The following text is from Lou Burrough's excellent book,
'Microphones: Design and Application'. Burroughs was the founder of
ElectroVoice (EV) and certainly knew a thing or two about microphone
design, care and maintenance. He was also the founder of the 3:1 rule
for when multiple microphones are picking up the same sound source.
Although the book is a firm favourite with many pro engineers, it has
been out of print for many years. So, I am pasting this here because
the information is otherwise unavailable. From a copyright point of
view, it would fall under the category of 'fair use', considering the
small amount of text (relative to the size of the book) and its
Here it is, I hope you find it helpful:
"Condenser microphones employ two types of diaphragms. The
omnidirectional unit is usually equipped with a stretched metal
diaphragm, and the cardioid with a stretched metallic-coated plastic
diaphragm. Both are vulnerable to degraded response, due to a
collection of dust on the diaphragm. A great deal of this accumulation
is due to electro-static attraction, accumulating non-ferric dust in
much the same way as the magnet in the dynamic microphone attracts the
ferric type. Many quality condenser diaphragms are protected by a very
fine mesh screen, but some are not. However, regardless of how small
the mesh, full range sound must be allowed to enter; therefore, the
openings are sufficiently large to allow fine dust to pass through and
sooner or later frequency response will be altered. Few units are
designed to allow for cleaning. Should you be able to get to the
diaphragm, it will probably be found that the dust is pretty well
cemented to the diaphragm due to the oily film usually found on
surfaces everywhere, or from the cementing effect of breath moisture
and saliva particles.
High temperature and humidity may have a detrimental effect on
response, but this is usually temporary. When condensers are allowed
to reach below-freezing temperatures and are then brought into a warm,
normally humid, room they will sweat internally as well as externally,
resulting in a noisy or dead unit. Both the head and electronics are
usually affected and often require dehydrating time. Placing the unit
in a desiccator will hasten its return to normal.
Store condensers in a dry place and you will be rewarded with quieter
operating units. Those employing batteries should have their batteries
removed and reinserted several times before each use to make certain
noise will not occur from corroded contacts.
The lives [of your microphones] may be prolonged for years if you will
simply keep them covered when not in actual use. Each microphone
should have a container that can be tightly closed for storage. When a
microphone is mounted but temporarily not in use, it should be covered
with a cloth bag, such as a canvas money bag, with a drawstring or
To emphasize the above, here is a case history that I have found to be
typical. Some time ago, the chief engineer of a recording studio and I
had a discussion about microphone maintenance. The subject was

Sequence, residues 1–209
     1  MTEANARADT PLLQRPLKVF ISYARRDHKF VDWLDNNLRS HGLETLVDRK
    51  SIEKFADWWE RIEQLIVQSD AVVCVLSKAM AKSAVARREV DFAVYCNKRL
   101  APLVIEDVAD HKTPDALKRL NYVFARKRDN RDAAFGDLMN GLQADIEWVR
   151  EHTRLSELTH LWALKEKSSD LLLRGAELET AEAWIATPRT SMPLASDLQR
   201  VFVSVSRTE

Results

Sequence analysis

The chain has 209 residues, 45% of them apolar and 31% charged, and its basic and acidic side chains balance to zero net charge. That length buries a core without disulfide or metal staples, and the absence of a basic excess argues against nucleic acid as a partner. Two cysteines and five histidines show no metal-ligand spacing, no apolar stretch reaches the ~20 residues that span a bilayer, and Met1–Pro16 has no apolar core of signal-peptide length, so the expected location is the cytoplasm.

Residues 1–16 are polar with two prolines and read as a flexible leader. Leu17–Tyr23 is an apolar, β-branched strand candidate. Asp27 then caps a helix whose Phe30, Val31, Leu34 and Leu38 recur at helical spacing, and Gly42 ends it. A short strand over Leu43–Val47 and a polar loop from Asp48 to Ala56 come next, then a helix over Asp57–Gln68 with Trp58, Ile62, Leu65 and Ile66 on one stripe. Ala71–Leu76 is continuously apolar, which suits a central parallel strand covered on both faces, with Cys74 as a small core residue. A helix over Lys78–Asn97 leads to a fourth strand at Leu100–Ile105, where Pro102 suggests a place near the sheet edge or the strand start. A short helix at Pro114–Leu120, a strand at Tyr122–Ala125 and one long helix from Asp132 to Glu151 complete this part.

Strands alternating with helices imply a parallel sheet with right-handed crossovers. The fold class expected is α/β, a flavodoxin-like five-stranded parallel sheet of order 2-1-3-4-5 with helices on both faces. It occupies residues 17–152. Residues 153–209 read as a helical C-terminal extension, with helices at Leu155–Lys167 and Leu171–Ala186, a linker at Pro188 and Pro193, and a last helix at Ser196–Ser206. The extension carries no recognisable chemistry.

triggered by our walking into a studio where several microphones were
lying on a dusty table in preparation for being mounted on stands.
Investigating, I found that all of the microphones on the dusty table
were about two years old. They were in daily use and considered to be
in normal condition. After examining each microphone, I offered to run
curves on all of them and service those that needed it in return for
the opportunity to find out what had happened to their frequency
The following week, the studio was closed for vacation and
twenty-eight microphones were sent to me. First, curves were run; then
all diaphragms and grilles cleaned.
Eight condenser microphones were received and the response of each was
degraded. After cleaning, the two containing metal diaphragms returned
to normal response. The six metallized plastic diaphragm units
improved considerably after cleaning, but the responses of no two were
alike and none were equal to a new microphone of the same make and
Eleven dynamic microphones were examined and all were degraded. After
the dust filters protecting the diaphragm were cleaned, eight of them
returned to normal response. Three of another make had permanently
warped diaphragms due to ferric dust accumulation on the diaphragm
above the voice coil gap. Of the nine ribbon microphones, all were
found loaded with ferric dust and the ribbons stretched beyond repair.
Here was a professional recording studio depending on degraded
microphones to reproduce quality sound! If equalization had not been
available, several of the microphones could not have been used. In
comparing curves of the new units of each model with those run of the
ones sent to us, only a few were recognizable as the same microphones
they were before cleaning."
That's the end of the quoted excerpt from Burrough's book, but I'll
add the following. It's mostly related to studio work (it's something
I teach my audio students), but is equally applicable to nature
Never swing a microphone through the air when you're carrying it (i.e.
holding it in your hand and swinging your arm as you walk). Always
think about the force of air that the diaphragm is being exposed to,
and the dust and other particles it may pick up as it moves through
the air. Carry your microphones to the microphone stand in their boxes
or bags, and don't open them until you need them.
Don't leave your microphones on stands overnight, or if you have to,
be sure to put covers over them with either drawstrings or zippers to
close them. The soft fabric covers that are supplied with Oakley
sunglasses work well with most microphones. Don't keep them in plastic
bags if there is high humidity or temperature changes, in case
moisture condensates inside the bag.
I hopet that is helpful...
- Greg Simmons